How to make your voice heard this year
You are likely to hear a lot about a potential new Supreme Court judge in the next few months. In a power struggle between both political parties, the stakes are high enough that the debate could get heated. If it were a sport, it would be a Super Bowl draw with ten minutes left.
However, before President Obama leaves office, there is also plenty of time for most stakeholders to show off. Most Supreme Court candidates are being nominated much faster than the current president left, but a few very rare circumstances have made the process much longer. What happens now depends a lot on how tenacious both sides are and how the president and the Senate can work together.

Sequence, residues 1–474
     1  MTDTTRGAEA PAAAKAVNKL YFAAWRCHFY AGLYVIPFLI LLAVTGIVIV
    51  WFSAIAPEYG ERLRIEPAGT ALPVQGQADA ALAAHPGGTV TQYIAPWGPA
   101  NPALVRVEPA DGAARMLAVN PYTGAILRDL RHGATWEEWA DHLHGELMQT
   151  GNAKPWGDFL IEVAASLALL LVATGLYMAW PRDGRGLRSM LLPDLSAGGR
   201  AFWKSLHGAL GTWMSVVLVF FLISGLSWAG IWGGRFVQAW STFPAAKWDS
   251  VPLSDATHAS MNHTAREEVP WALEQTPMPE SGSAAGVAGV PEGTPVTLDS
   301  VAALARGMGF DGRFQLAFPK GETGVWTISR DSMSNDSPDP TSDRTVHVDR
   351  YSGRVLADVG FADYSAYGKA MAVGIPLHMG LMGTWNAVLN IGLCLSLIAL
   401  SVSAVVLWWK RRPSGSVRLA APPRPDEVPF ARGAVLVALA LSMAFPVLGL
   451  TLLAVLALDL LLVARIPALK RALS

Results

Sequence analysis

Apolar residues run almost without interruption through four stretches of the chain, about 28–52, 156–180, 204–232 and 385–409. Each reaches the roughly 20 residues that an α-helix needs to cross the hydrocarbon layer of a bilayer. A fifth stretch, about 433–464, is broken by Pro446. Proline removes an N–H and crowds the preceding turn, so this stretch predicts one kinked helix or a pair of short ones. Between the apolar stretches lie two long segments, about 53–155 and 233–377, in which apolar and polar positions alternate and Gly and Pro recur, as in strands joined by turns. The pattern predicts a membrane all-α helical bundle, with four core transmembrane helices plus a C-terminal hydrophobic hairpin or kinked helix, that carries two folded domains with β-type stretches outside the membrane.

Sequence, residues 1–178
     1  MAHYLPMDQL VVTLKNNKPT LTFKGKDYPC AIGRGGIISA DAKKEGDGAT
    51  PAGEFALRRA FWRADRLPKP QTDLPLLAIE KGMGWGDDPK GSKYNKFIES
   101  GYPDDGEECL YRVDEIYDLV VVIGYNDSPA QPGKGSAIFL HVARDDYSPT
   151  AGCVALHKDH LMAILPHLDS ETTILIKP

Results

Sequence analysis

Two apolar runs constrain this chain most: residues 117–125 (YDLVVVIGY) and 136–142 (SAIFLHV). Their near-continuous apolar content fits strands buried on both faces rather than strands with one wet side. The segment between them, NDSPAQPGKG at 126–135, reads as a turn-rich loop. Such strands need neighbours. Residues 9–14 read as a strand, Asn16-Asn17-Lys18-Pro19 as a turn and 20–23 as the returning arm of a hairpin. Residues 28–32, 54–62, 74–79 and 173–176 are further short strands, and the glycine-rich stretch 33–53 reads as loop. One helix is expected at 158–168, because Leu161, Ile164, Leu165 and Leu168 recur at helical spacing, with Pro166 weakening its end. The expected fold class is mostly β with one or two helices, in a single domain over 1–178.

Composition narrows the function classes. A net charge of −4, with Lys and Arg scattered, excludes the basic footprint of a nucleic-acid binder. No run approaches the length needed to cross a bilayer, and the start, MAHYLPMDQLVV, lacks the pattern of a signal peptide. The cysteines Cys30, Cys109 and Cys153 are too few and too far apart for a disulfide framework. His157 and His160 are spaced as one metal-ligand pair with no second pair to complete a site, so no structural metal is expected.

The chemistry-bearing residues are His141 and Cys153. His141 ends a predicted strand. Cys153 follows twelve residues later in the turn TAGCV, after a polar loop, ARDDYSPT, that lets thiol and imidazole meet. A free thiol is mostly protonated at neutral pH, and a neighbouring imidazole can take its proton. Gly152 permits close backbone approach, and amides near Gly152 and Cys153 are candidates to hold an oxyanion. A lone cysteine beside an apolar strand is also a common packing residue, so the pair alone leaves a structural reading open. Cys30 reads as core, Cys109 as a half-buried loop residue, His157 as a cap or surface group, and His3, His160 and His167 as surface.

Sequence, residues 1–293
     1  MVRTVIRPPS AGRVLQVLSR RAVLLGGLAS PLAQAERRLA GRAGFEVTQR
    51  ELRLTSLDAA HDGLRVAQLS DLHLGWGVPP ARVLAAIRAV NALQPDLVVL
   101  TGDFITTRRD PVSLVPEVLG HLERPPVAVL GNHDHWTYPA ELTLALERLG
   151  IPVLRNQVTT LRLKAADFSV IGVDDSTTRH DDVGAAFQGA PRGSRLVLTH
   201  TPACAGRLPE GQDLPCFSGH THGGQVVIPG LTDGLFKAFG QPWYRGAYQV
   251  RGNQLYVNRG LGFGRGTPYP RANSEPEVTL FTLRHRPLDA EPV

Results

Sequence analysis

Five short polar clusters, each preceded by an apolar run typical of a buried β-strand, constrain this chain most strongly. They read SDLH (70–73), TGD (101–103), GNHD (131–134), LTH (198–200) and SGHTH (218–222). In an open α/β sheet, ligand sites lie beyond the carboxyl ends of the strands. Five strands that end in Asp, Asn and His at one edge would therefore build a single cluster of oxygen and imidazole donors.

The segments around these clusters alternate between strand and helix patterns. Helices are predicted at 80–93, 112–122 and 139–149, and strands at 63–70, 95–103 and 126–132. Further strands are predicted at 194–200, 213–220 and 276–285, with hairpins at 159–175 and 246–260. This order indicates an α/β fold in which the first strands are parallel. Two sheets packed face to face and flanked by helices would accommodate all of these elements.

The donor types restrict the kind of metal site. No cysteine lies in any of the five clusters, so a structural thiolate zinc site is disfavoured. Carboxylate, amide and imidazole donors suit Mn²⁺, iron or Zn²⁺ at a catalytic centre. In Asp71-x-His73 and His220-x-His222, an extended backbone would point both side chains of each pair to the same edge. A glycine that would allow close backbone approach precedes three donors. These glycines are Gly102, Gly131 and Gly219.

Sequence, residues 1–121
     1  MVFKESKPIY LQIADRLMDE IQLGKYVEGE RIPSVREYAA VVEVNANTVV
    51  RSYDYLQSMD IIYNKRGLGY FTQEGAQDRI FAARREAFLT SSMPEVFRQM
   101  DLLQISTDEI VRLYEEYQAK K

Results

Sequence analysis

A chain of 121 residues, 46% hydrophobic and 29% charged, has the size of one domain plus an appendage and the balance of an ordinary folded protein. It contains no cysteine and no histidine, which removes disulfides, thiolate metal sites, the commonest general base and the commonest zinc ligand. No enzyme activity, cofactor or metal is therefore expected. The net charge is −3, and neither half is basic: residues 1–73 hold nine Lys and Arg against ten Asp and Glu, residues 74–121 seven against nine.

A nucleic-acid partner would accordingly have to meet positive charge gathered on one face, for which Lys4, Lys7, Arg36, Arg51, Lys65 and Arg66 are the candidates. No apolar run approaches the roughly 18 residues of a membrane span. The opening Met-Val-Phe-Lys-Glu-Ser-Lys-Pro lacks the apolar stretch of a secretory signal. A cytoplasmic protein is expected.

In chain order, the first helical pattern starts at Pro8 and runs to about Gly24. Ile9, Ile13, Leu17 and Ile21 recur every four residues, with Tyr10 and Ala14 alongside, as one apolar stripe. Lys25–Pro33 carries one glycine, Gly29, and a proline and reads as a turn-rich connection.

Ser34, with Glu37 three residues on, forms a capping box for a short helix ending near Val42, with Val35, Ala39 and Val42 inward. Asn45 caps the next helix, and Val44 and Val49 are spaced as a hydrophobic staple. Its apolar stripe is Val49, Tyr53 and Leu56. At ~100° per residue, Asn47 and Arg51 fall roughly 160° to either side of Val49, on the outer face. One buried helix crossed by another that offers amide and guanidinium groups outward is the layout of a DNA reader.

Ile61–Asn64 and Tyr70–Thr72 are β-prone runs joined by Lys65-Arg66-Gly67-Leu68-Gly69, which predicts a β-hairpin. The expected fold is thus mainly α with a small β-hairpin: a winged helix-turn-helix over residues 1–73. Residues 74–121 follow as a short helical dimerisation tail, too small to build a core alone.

Fortunately, this is a situation where you get a lot of indirect (and a little direct!) Influence. You can write to your senators shortly to let them know how you feel about your appointment to the Supreme Court. If there are no appointments by the end of the summer or so, you can find out if any of your state senators are among the 34 for re-election. Use this handy tool to get information about your senators.